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Human Bequest Program

Donating your body to science is a profound act of generosity that will foster medical and scientific progress in Australia, leaving a lasting legacy that will benefit generations to come.

Through the gift of body donation, you become a vital partner in shaping the future of medicine and science in Australia.

The Discipline of Anatomy and Pathology at JCU runs a donor bequest program for the purposes of teaching, examination, study and investigation of human anatomy and pathology.  JCU accepts donations of human bodies, as well as tissue, and skeletons or bones from previous historic medical training and research.

Deciding whether to become a body donor is something that requires significant consideration to ensure you understand the process and the potential impact on yourself and your family.  Please read our Information for Donors and their next of kin (PDF), and discuss this decision with your family before proceeding.

All human bequests are handled by JCU's  Human Bequest Coordinator.

Rod Cook, Human Bequest Coordinator

Information for prospective donors

JCU accepts human bequests of both bodies and skeletal remains in accordance with the Transplantation and Anatomy Act 1979 and the Transplantation and Anatomy Regulation 2017.

Human Bodies

JCU is able to accept body donations from anyone who is:

  • over 18 years of age
  • lives within 400km of Townsville
  • has no disqualifying conditions such as:
    • Significantly affected by certain medical conditions or procedures, such as amputation of a limb, recent unhealed surgical wounds, unhealed bed sores, or disease such as gangrene
    • Whole organ donation
    • Obese (or weighing 90 kg or more) or emaciated (or weighing less than 40 kg)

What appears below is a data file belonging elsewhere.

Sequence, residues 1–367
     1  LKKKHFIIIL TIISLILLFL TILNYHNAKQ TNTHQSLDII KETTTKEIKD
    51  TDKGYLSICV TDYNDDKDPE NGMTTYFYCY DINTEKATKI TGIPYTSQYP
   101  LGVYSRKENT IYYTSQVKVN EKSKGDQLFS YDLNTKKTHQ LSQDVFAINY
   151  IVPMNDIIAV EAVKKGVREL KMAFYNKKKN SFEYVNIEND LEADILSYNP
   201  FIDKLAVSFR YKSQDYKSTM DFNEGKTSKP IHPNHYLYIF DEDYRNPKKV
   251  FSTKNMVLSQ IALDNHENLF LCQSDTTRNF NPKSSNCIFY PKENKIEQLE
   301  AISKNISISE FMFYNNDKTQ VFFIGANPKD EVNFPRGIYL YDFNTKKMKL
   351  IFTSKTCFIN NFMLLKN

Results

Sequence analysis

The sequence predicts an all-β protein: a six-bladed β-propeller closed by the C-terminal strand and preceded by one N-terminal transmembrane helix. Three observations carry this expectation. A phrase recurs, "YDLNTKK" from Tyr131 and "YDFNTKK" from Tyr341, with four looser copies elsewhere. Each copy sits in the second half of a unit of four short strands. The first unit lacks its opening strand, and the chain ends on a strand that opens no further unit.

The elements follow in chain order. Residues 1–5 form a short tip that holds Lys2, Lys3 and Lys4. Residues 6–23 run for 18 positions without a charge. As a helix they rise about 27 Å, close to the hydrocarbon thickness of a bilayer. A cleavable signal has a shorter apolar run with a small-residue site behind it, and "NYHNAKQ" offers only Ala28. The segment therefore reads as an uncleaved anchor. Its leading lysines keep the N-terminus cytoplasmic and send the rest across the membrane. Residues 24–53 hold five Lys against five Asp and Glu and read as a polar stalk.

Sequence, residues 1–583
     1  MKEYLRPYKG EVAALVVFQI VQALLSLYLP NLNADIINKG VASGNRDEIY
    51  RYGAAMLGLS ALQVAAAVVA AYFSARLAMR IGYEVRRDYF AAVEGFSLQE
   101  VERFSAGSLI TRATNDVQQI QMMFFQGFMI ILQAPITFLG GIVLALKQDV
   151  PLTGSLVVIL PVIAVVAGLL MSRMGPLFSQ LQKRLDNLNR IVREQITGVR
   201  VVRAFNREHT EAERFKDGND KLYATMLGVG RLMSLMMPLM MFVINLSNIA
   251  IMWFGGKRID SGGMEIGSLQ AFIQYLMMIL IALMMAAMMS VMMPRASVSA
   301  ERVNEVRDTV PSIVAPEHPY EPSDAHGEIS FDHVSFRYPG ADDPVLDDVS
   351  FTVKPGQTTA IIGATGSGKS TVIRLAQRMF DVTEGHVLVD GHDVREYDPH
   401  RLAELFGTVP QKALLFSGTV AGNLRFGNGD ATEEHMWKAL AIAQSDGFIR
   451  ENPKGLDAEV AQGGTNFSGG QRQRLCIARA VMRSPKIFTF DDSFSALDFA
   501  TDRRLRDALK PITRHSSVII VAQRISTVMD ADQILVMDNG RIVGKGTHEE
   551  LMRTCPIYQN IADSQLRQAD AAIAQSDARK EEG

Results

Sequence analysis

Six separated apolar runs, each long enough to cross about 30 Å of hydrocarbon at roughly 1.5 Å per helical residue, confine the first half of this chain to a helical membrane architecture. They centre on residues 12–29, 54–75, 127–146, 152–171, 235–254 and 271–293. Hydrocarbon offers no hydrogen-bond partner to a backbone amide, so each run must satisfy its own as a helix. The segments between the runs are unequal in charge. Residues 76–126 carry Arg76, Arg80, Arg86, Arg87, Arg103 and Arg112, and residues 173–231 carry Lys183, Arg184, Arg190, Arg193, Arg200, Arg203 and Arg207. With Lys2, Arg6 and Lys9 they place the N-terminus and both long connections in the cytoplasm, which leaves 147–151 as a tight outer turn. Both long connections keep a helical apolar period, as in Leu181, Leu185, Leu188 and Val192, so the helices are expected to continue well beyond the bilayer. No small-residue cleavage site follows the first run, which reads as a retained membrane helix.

• has no disqualifying infectious diseases (Please refer to Information for Donors and their next of kin (PDF) for more information)

Human Tissue, Skeletons and skeletal remains

Families and organisations are occasionally left with human tissue, real skeletons and skeletal remains from previous medical and health professional training.  JCU can rehome these remains, by accepting them as a donation to the university. We use skeletons and remains for educational purposes, and your donation will assist in the education of approximately 1000 students per week.

To donate, please gather any and all documentation that comes with the skeleton (if any), and provide a Statutory Declaration form stating:

  • The origin of the skeletal remains (if possible)
  • How you or your organisation came into possession of the skeletal remains
  • The history of the skeletal remains (if possible)

We welcome your generous donations and if you have any questions please contact the

Human Bequest Coordinator
Phone:   (07) 4781 5022

Before applying to leave your body to JCU, please read the information in the Human Bequests article and ensure you fully understand the process outlined in our Information for Donors and their next of kin (PDF). Discuss this important decision with your family before proceeding.  There are several steps to successful body donation:

Informed Donor Consent 

  1. The prospective donor and next-of-kin should download and review the Donor Consent Form (Printable (PDF) or Electronic (PDF)) and information for Donors and their Next of Kin.
    If unable to access the form please email, call or write to the Human Bequest Coordinator at JCU requesting a copy of the Donor Consent form (contact details above).

Application to Bequeath

  1. To proceed with your application complete the Donor Consent Form (Printable or Electronicand send the completed original form to the Human Bequest Coordinator.
  2. The Human Bequest Coordinator will then send either an acceptance or rejection of registration letter.
  3. Once you receive an acceptance of registration, you can include a statement in your will, such as